Bitcoin Buying Machines Installed In Over 2000 US Locations

Coinme, the largest Bitcoin kiosk network in the world, expanded its Bitcoin buying machine services in the United States by installing more than 2100 Bitcoin ATMs across 19 states in collaboration with Coinstar.

Coinme became the first licensed Bitcoin kiosk company in the US in 2014.

Coinme CEO and co-founder Neil Bergquist said that after its success in select Albertsons and Safeway stores a
RTT – Top Story


College campus rolls out ‘snackbots’ to replace vending machines

Every college’s student’s dream is becoming a reality today at one California college campus — a robot that delivers snacks. Students at the University of the Pacific, a private university in Stockton, can now use an app to order food and drinks to more than 50 locations throughout campus — and have the grub delivered…
Technology News & Reviews | New York Post


Humans, Machines and Markets: Stocks Going Crazy Is Nothing New

The 2018 casualty list is long. Hedge funds. Trillion-dollar price tags on Apple and Amazon. Trading records everywhere. Not even Christmas was spared the wrath of cascading stocks. It feels unprecedented, Armageddon, or maybe the robot apocalypse. It isn’t.

While any 20 percent sell-off hurts, the one happening now is far from unprecedented in terms of depth or velocity. Over the past 100 years, there are almost too many examples to count of stocks tumbling with comparable force.

“It’s an inevitable process,” Marshall Front, founder of Front Barnett Advisers, who began on Wall Street in 1963. “It goes on over and over again.”

Investors have time to reflect on history, now that stocks have avoided a fourth straight down week via the biggest one-day rally since 2009. After coming within a few points of a bear market on Wednesday, the damage in the S&P 500 stands at 15 percent since Sept. 20.

“This is very normal. It unnerves people because we’re all talking about it all the time,” said Nancy Tengler, chief investment strategist at Tengler Wealth Management. “It’s in our face more. We have too much focus on the day-to-day or minute-by-minute or second-by-second movements. Historically, is this normal? Yes.”

A fair amount of complaining has gone on in recent months about the role of high-frequency traders and quantitative funds in the drubbing that reached its peak around Christmas. Perhaps. Those groups are big, and in the search for villains, they make easy targets. Treasury Secretary Steven Mnuchin is among the people who have made the connection.

One thing that makes it tough to lay blame for the meltdown on machine-based traders is the many times markets fell just as hard, long before they existed. The Crash of 1929 is one big example. However bad this market is, it’s a walk in the park compared with then.

“The largest percentage changes, except for 1987, were in the ’20s and ’30s,” said Donald Selkin, chief market strategist at Newbridge Securities Corp. “You had dramatic moves then and you didn’t have electronic trading then.”

Dotcom Bust

The dot-com bubble that had been developing since the late 1990s popped in March 2000, when the S&P 500 lost 35 percent over the course of two months. It took the Nasdaq Composite Index, which peaked at 5,040.62 on March 10, about 15 years to get to its old high.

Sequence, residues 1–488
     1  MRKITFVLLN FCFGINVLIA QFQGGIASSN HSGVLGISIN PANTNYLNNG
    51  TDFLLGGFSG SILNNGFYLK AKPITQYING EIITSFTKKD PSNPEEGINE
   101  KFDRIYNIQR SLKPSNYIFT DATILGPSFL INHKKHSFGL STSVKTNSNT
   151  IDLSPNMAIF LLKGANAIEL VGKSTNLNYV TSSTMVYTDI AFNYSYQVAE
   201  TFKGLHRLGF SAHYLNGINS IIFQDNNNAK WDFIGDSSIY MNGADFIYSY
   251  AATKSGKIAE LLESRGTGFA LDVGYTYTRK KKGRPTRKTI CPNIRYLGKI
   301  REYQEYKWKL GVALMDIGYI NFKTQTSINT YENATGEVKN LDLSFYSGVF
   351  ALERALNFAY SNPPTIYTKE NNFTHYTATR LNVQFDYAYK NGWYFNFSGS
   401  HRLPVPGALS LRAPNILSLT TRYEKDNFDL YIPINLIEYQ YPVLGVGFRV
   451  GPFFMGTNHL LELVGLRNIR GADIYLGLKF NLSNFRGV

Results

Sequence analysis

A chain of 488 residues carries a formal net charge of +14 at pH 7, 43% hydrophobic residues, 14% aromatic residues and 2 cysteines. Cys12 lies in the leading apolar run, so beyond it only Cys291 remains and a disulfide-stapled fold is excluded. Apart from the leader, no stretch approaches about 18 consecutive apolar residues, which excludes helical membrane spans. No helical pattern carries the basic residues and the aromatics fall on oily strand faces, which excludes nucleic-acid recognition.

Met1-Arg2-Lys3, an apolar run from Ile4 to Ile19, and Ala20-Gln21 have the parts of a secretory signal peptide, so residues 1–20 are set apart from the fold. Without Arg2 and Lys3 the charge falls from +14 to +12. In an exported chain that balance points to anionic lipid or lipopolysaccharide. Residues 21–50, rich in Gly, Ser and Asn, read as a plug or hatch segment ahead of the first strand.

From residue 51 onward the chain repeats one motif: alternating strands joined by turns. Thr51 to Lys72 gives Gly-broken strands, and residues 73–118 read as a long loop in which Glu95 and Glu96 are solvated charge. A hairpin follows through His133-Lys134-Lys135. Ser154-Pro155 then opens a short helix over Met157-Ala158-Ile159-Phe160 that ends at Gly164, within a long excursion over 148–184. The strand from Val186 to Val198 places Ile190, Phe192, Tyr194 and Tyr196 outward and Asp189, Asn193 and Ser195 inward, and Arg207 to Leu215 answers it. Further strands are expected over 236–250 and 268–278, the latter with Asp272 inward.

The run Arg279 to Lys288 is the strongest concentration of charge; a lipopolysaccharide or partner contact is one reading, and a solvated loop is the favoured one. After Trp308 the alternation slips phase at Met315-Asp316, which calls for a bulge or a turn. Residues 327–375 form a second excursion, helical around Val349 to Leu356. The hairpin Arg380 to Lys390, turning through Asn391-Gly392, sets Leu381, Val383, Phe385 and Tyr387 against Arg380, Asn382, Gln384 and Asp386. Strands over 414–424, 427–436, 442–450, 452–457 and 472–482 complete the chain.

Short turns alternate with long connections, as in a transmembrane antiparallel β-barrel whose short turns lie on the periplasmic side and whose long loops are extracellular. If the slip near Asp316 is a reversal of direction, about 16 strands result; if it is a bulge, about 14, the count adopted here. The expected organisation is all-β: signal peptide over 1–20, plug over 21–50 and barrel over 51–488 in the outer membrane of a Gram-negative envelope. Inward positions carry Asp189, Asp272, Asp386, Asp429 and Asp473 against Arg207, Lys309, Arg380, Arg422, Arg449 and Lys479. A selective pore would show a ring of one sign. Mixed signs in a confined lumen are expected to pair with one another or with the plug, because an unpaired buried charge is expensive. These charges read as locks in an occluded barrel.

Black Monday of 1987

The S&P 500 rose 36 percent between January and August 1987 in what was set to be the best year in almost three decades. Then the October sell-off pushed the S&P into a 31 percent correction in a matter of 15 days, much of it occurring on that infamous day.

1974 Sell-Off

The worst year since 1937 for the S&P 500 saw the index fall 33 percent in 115 days as a weakening economy, rising unemployment and spiking inflation pushed investors to head for the exits. Stocks subsequently rebounded, surging more than 50 percent between October 1974 and July 1975.

1962 Rout

Investors of a certain age may recall 1962, when the S&P 500 Index lost a quarter of its value between March and June 1962. The rout known as the Kennedy Slide came after the S&P 500 advanced 79 percent in the prior four years. The S&P 500 was essentially flat over the next two decades.

Not So Fat ’57

A dive in car sales and slowing housing construction pushed stocks into a 20 percent correction in a matter of 99 days in 1957. This preceded a recession that saw the U.S. gross domestic product contract 10 percent in a matter of three months in 1958.


SPECIAL NEWS BULLETIN: -As millions of Americans strive to deal with the economic downturn,loss of jobs,foreclosures,high cost of gas,and the rising cost of prescription drug cost. Charles Myrick ,the President of American Consultants Rx, announced the re-release of the American Consultants Rx community service project which consist of millions of free discount prescription cards being donated to thousands of not for profits,hospitals,schools,churches,etc. in an effort to assist the uninsured,under insured,and seniors deal with the high cost of prescription drugs.-American Consultants Rx -Pharmacy Discount Network News


Click today to request your free ACRX discount prescription card and save up to 80% off of your medicine!


Please help American Consultants Rx achieve it’s biggest goal yet of donating over 30 million discount prescription cards to over 50k organizations in an effort to assist millions of Americans in need. Please click here to donate today!

A hit VR game offers humans a glimpse of office work in a world where the machines have taken over

Job Simulator: The 2050 Archives, a game by Google's Owlchemy Labs has amassed a cult following. The prompt is simple, experience what it was like to "job" and relive the glory days of working in an office. 


Shop the latest electronics deals direct from Samsung